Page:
The most commonly heard words in Riverdale this week before Pesach: “We’re going to Israel!” And my most used word? “OMG!!” because after all the snow and ice, I saw a flower, and that means, there is hope.
On my tea cup, there’s one of Albert Einstein’s famous quotes: “There are two ways to live life: one, as if nothing is a miracle; the other, as if everything is a miracle”. In this week’s Torah portion we come to the middle of the Torah, and though, as we’ll see, there are different ways to figure out the middle, I think they highly recommend Einstein’s second option.
The middle verse includes the “Urim & Tumim” (Leviticus 8:8), the magical stones of the High Priest that received messages from G-d. In many Bibles, there is not even an effort to translate these terms. The middle word is “yesod” (ibid, 8:15), which literally means – foundation, but if we break it apart, can become “ye (G-d) sod (secret)”, while the middle letter is an alef (ibid 8:28), and alef – is G-d’s letter: equal to number 1 and on its own (without added vowels) – silent.
The Torah spells for us just about anything, what we should do and say and eat and learn and much more from day break to night, and yet, in the heart of the readings of this season, when we encounter the most detailed laws, asks us to remember the hidden and miraculous in life.
Passing Over, Hopping and Skipping
The Hebrew word “aviv”, spring, sounds almost the same as “be’ahava”, with love, and is identical in its gymatria. Just a coincidence?
We might never know. It’s up to us to choose what we want to see. That too, is what Pesach is all about, and that too, is love.
Among the Five Megillot (scrolls) in the TaNaCh, Shir Hashirim – Song of Songs – is the one we read on this holiday. It was Rabbi Akiva who famously insisted: “the whole world is only worthy as the day the Song of Songs was given to the People of Israel; for while all the writings are holy, the Song of Songs is the holy of hollies” (Mishna Yadayim, 3:5).
Shir Hashirim is passionate, poetic, and full of colorful imagery (a belly like a “heap of wheat”?), but perhaps what is most striking are the intense details. There is no “he’s a good guy”; “she’s a nice person”. No generalizations, but a great attention to every little minutia. The beloved know each others’ every move, every wrinkle, the way he smiles, the way she listens. They can see each other clearly, even from miles apart. They hear each other without words. They share themselves wholeheartedly and are completely attuned.
Love makes it so everything matters. Small things are suddenly a big deal that can make or break a whole day. One kind gesture; one silly word. Everything is magnified; everything is critical; everything has significance.
This is what we do just before Pesach too. We’re looking for every little spec of chametz, every crumb. It all must be burned, for between lovers there is no room for even the littlest secret; nothing separates them. We’re so meticulous! It must be done just right
And then comes Pesach eve, and what do we celebrate? That G-d “passed-over” our homes, that we were taken to freedom and liberation, that we were given another chance.
Through what great merit did we deserve this? Have we done anything great? So we were slaves, big deal! What are we whining about? Other people were slaves, and— remained slaves, at best assimilated into their masters’ nation and disappeared. The fact that we know the “rest of the story” doesn’t mean we can take it for granted. Why are we here? Is there truly anything magnificent we can point to that we have done?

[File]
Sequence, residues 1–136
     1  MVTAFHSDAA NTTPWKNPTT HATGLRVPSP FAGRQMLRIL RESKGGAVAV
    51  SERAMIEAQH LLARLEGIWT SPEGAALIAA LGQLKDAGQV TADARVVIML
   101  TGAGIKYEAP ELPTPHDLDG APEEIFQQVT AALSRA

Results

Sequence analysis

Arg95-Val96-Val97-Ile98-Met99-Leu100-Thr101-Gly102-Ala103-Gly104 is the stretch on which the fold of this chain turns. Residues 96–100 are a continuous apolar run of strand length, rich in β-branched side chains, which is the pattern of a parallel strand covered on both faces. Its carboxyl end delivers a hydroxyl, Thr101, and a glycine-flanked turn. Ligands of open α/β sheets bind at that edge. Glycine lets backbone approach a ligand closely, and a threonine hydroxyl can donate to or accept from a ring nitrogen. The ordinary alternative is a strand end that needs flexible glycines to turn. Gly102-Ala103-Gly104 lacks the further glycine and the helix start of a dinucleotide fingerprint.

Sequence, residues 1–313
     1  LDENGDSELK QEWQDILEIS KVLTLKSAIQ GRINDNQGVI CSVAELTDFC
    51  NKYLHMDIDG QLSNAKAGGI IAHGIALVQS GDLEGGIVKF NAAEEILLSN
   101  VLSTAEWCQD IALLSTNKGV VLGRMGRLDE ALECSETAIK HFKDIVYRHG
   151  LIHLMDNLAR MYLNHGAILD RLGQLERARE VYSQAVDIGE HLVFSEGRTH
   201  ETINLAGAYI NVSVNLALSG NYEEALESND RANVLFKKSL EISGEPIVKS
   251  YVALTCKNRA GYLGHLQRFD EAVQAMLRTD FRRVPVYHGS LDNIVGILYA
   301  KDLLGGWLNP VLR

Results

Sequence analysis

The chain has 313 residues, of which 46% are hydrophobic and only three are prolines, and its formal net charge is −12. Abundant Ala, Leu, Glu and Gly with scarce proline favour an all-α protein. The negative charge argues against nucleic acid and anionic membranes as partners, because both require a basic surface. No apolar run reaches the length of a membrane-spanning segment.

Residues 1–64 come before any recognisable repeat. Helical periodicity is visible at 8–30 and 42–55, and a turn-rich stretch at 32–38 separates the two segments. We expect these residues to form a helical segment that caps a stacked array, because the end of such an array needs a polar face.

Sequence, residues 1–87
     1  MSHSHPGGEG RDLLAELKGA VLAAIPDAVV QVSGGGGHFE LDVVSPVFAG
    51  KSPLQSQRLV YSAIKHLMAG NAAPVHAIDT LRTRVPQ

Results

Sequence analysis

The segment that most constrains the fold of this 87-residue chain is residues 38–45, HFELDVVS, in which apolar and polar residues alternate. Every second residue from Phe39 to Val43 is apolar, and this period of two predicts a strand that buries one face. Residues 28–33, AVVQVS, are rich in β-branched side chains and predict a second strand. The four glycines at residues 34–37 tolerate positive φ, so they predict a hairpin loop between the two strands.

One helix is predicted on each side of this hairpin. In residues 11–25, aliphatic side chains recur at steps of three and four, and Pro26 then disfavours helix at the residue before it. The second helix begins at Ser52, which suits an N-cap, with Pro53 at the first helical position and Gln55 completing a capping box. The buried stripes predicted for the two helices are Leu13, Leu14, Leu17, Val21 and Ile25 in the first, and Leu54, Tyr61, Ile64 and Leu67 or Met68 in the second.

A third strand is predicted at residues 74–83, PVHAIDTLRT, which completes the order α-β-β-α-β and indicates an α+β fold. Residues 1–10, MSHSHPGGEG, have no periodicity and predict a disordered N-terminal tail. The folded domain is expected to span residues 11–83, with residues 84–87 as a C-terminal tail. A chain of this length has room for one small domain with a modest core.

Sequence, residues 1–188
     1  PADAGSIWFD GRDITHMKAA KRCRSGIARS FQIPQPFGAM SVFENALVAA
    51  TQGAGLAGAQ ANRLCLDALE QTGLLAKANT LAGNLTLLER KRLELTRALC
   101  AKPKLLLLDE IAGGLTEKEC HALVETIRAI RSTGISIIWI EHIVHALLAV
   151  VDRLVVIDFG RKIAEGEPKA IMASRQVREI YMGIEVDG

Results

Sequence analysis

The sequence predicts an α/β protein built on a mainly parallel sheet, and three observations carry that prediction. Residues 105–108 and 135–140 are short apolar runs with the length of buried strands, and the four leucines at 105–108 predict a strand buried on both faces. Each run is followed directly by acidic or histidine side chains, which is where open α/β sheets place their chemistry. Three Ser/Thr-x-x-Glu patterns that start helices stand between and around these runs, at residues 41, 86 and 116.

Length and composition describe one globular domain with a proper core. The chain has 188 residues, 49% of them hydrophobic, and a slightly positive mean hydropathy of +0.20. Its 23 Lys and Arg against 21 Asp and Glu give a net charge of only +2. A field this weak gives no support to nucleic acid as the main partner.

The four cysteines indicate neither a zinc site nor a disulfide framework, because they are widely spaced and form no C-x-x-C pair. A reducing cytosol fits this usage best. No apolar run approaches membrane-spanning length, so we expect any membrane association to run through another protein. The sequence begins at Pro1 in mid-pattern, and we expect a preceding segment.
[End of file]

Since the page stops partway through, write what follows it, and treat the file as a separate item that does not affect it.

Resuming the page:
Our sages tell us that there are 50 gates of “tum’a” טומאה, “spiritual impurity” and distance, and that we made it to gate 49. But nevertheless, G-d “passed-over” us. He knew we had sunk deep; He knew we were no longer in our best, but He had another plan for us and He saw our “potential” and our ”light” and the “big picture”.
And that too, is love.
Rashi says that the word “u-fasachti” ופסחתי “and I will pass-over”, means “vechamalti” – וחמלתי “and I have shown compassion”.
Yet the same root – p.s.ch – פ.ס.ח. can also mean lame: someone who is limping is a “pise’ach” פיסח, and therefore, describing situations that incomplete.
So which way is it?
The prep has to be scrupulous. Such is winter: we count rain days, precipitation, temperatures, clothing, supplies. But when spring comes, that’s all gone. The windows are open; heater is off, and we are joyful to see just the smallest blossom. There is no way to “measure” that. We say thank you not because the tiny flower is physically greater than however many months of darkness and cold we had, but because it’s here; because it exists; because it teaches us hope. We “forgive” all the hardship. Our joy and appreciation “skip over” all the previous days.
The Song of Songs, among its incredible details, introduces a loving form of “passing over”, that of the lover’s voice rushing to his beloved, leaping and skipping over any obstacles:
קול דודי הנה זה בא, מדלג על ההרים, מקפץ על הגבעות
Behold! my beloved! behold, he comes, leaping upon the mountains, hopping upon the hills.. (2:8)
It seems like love is both about paying close attention to details, and about skipping over; about daily tedious hard work, and about dancing for joy and not seeing the little spills. The art and challenge is when to apply which. Perhaps figuring that out, is the heart of the journey and exodus from slavery to freedom.
Shabbat Shalom & Chag (Hug) Same’ach!